The country would slowly evolve by the 19th century into a collection of six distinct colonies on the enormous continent of Australia: New South Wales, Victoria, Queensland, South Australia, Western Australia, and the island of Tasmania. The Northern Territory would remain, as it does today, a territory.
Map of Australia in 1864 via David Rumsey
Even the most “progressive” of Australia’s new white settlers would see its Aboriginal population as an accidental remnant of pre-history — in the 19th century, some whites viewed Aboriginals as almost subhuman creatures who should give way to the land’s proper owners, the English. In fact, it wasn’t until 1967 that Aboriginal Australians were even counted as human in the official census.
Writing in 1848, British colonial booster J.C. Byrne described indigenous Australians as a primitive group of people who hadn’t been properly productive on its land. And that whites had every God-given right to conquer it:
Now, prepared by the hands of the lowest race in the scale of humanity that is known to exist, the soil of these extensive regions is ready to receive the virgin impressions of civilized man. No tombs, nor temples, nor palaces, nor shrines, exist to tell of the past; the history of the land remains to be written in the future, when nations of the Anglo-Saxon race people the woods and valleys of Australia, and with their enterprise and energy cover the land with evidences of their greatness.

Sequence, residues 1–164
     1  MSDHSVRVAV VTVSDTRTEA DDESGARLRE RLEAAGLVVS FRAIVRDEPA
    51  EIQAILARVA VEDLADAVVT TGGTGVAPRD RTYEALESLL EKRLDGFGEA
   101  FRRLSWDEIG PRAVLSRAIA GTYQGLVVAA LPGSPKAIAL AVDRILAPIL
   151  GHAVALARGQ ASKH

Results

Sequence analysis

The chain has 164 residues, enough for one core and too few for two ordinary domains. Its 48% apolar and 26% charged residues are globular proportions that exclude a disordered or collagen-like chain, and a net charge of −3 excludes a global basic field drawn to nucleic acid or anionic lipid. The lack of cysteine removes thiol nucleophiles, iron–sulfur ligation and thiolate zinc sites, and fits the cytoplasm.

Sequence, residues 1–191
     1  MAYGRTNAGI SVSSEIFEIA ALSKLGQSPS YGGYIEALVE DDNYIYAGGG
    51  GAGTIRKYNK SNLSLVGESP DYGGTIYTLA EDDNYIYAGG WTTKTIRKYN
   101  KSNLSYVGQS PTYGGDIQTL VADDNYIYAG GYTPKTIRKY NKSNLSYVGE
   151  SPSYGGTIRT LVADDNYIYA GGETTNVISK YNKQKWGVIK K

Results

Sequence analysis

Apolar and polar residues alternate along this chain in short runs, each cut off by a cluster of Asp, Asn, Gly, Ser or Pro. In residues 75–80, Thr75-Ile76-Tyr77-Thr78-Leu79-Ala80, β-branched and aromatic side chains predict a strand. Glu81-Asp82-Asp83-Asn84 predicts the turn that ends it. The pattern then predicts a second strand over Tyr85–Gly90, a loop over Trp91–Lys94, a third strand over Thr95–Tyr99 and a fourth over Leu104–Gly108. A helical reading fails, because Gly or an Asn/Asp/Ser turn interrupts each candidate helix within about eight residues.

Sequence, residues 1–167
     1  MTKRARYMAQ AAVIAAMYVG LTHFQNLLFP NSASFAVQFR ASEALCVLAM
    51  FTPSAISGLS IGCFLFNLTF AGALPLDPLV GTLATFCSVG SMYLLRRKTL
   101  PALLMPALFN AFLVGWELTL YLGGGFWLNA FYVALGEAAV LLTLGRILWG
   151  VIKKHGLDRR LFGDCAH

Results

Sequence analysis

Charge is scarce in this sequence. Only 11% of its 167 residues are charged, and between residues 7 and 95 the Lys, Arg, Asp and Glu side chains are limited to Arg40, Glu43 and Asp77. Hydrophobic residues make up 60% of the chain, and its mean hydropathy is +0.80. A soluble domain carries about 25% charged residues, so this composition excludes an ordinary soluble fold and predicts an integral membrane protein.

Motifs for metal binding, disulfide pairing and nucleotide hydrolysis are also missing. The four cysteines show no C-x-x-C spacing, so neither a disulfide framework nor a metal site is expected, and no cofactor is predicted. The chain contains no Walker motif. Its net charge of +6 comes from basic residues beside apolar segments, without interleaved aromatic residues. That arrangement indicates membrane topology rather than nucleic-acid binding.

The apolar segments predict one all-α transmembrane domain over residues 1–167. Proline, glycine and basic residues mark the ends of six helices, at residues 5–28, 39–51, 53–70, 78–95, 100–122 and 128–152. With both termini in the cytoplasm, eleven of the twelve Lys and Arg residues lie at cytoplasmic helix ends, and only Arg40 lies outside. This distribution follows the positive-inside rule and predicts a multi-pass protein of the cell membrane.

To the colonisers, Australia was a land ready to be easily conquered. And in mirroring the frontier qualities of the United States, that meant both the eradication of its native peoples, and the enslavement of people brought from foreign lands. As Raymond Aitchison argues convincingly in his 1972 book Americans in Australia: “It could almost be said that if Britain is the mother of modern Australia then the United States is the accidental father.”
“Kanakas” on a sugar plantation in Cairns, Queensland circa 1890 via Britannica
The Dueling Gold Rushes
In the second half of the 19th century there were two Gold Rushes on both sides of the Pacific Ocean. One was quite literally for gold, as people from all over the world came to both Australia and California in search of it. But the other, less well known Gold Rush was in the trafficking of human beings on the numerous islands between the US and Australia.